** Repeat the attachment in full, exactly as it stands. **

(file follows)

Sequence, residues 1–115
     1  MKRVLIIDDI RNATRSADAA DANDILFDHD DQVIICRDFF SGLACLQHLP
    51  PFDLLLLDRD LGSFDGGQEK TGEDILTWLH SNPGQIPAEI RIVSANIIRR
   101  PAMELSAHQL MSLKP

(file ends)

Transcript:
Sequence, residues 1–115
     1  MKRVLIIDDI RNATRSADAA DANDILFDHD DQVIICRDFF SGLACLQHLP
    51  PFDLLLLDRD LGSFDGGQEK TGEDILTWLH SNPGQIPAEI RIVSANIIRR
   101  PAMELSAHQL MSLKP